Stem Cell Summit Launched
News Mar 26, 2007
The Burrill Life Sciences Media Group, the Genetics Policy Institute (GPI), and the Harvard Stem Cell Institute (HSCI) have joined forces to produce an annual global conference on stem cell research and regenerative medicine. The “Stem Cell Summit” is scheduled for October 2-3, 2007 in Boston, MA.
The Summit builds on a successful conference inspired by business and academic leaders in 2006 jointly sponsored by the Massachusetts General Hospital Innovation Fund and the HSCI. It brought together leading researchers, patient advocates, biotechnology executives, experts in policy, law and ethics along with key decision-makers to chart the course so that stem cell technologies will receive proper funding, flourish and fulfill the promise for cures.
The Summit seeks to extend the reach and impact of that event by partnering with the leader in the life sciences conference field and the leader in stem cell policy debate. The organizers jointly recognize that the complex field of stem cell research requires the interaction of science and education, policy and advocacy, and commercial interests for ultimate success.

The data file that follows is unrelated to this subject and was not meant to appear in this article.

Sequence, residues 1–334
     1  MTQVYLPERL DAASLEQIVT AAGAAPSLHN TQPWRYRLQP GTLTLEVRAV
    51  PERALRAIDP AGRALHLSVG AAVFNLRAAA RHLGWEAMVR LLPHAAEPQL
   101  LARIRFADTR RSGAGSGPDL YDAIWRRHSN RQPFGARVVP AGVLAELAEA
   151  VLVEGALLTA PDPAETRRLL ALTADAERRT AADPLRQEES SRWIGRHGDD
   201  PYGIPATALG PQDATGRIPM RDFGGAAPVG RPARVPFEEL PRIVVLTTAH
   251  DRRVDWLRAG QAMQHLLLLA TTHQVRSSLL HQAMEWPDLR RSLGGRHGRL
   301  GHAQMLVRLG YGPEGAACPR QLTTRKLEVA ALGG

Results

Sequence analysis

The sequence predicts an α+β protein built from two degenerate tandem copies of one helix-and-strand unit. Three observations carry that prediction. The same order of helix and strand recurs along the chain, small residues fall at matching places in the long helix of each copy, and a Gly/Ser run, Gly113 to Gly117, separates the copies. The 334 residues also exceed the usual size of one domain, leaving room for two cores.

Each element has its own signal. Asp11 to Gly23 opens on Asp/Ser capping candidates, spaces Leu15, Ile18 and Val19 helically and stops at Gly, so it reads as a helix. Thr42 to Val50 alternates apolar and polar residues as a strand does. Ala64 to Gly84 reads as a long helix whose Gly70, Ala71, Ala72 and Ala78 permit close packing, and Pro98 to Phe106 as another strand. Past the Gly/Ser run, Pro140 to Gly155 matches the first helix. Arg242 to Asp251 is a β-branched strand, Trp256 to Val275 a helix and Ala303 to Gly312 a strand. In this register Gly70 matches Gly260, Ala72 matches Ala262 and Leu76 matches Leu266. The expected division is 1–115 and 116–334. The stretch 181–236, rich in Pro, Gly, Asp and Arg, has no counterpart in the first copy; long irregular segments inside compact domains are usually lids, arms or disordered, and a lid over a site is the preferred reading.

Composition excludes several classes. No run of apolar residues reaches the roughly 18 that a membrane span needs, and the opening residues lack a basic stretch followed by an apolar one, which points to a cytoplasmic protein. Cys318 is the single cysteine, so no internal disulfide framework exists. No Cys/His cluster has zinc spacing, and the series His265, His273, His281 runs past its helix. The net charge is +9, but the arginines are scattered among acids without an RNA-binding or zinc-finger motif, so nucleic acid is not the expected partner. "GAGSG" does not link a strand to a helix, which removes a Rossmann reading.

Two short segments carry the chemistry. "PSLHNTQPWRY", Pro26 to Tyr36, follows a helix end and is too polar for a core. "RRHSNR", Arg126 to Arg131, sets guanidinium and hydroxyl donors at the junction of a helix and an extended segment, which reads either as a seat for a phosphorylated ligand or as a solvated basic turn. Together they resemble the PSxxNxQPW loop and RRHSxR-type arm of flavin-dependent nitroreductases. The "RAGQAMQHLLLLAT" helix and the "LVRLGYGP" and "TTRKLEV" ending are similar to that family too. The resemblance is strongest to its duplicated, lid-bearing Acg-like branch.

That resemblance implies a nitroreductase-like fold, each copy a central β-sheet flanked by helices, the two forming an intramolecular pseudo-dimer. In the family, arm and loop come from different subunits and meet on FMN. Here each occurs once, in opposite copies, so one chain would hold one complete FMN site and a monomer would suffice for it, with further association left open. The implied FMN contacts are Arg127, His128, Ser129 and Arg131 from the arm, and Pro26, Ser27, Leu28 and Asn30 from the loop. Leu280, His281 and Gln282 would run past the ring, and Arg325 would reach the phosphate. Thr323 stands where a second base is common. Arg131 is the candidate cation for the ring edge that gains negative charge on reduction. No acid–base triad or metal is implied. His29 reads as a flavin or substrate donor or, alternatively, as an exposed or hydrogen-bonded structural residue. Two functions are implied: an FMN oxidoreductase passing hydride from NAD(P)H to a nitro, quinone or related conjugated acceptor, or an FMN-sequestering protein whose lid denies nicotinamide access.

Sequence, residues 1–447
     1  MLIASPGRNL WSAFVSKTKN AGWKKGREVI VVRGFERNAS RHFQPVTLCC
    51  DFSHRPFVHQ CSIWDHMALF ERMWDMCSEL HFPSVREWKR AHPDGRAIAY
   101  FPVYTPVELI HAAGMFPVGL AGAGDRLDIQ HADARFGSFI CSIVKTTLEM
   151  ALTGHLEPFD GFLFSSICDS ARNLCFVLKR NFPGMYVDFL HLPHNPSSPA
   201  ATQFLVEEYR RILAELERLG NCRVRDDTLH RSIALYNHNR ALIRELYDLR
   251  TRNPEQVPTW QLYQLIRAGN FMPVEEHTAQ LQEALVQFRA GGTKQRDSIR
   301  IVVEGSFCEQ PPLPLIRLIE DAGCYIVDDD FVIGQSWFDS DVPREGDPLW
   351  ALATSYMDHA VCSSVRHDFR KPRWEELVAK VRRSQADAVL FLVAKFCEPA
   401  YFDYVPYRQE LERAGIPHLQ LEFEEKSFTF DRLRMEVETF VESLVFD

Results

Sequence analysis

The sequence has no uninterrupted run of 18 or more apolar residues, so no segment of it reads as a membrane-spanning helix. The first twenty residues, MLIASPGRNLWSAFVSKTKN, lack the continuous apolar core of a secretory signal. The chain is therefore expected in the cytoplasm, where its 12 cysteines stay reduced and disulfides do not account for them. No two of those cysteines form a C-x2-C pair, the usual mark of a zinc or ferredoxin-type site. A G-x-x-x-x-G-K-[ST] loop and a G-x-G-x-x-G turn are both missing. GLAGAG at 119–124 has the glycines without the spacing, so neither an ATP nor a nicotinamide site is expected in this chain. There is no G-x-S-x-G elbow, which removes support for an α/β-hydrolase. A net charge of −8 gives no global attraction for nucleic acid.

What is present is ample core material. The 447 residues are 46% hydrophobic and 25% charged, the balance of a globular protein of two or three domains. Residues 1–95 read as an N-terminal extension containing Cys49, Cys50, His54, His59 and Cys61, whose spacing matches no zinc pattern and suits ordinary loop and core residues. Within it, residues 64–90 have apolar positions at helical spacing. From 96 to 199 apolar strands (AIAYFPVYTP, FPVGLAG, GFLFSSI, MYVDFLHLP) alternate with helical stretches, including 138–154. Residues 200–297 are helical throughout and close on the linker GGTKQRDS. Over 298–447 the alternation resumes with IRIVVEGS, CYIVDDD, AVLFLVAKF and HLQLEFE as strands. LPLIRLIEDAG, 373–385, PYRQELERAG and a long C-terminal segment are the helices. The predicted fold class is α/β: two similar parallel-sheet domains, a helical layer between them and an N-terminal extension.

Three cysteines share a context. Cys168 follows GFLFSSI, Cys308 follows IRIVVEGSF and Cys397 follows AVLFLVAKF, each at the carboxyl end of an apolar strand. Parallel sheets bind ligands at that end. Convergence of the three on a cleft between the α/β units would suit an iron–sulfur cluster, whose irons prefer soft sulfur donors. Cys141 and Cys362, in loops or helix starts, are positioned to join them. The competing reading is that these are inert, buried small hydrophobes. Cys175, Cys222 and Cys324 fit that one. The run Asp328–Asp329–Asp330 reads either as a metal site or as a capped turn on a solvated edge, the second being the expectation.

“GPI’s partnering with the Burrill Life Sciences Media Group and the Harvard Stem Cell Institute will help energize the entire community by connecting patients with leading researchers and other experts in related fields of policy, law, ethics and commerce and thereby advance our mutual goal to derive treatments and cures sooner rather than later," said Bernard Siegel, founder and executive director of the Genetics Policy Institute.
“This event is unique because patients around the world are worried about the fate of stem cell research and have begun participating in the debate as never before. The promise of stem cell treatment lies not in the halls of politics but in the hearts of people,” said G. Steven Burrill, CEO of Burrill & Company.
Brock Reeve, Executive Director of the Harvard Stem Cell Institute noted that, “the mission of HSCI is to develop therapies for key diseases. So how swiftly can we move from “bench to bedside”? HSCI was established because this is not just a scientific question – we must connect scientific research and clinical practice with the fields of law, philosophy, and policy. This meeting will help bring us closer to that goal,” added Mr. Reeve.
The spatial and temporal dynamics of proteins or organelles plays a crucial role in controlling various cellular processes and in development of diseases. However, acute control of activity at distinct locations within a cell cannot be achieved. A new chemo-optogenetic method enables tunable, reversible, and rapid control of activity at multiple subcellular compartments within a living cell.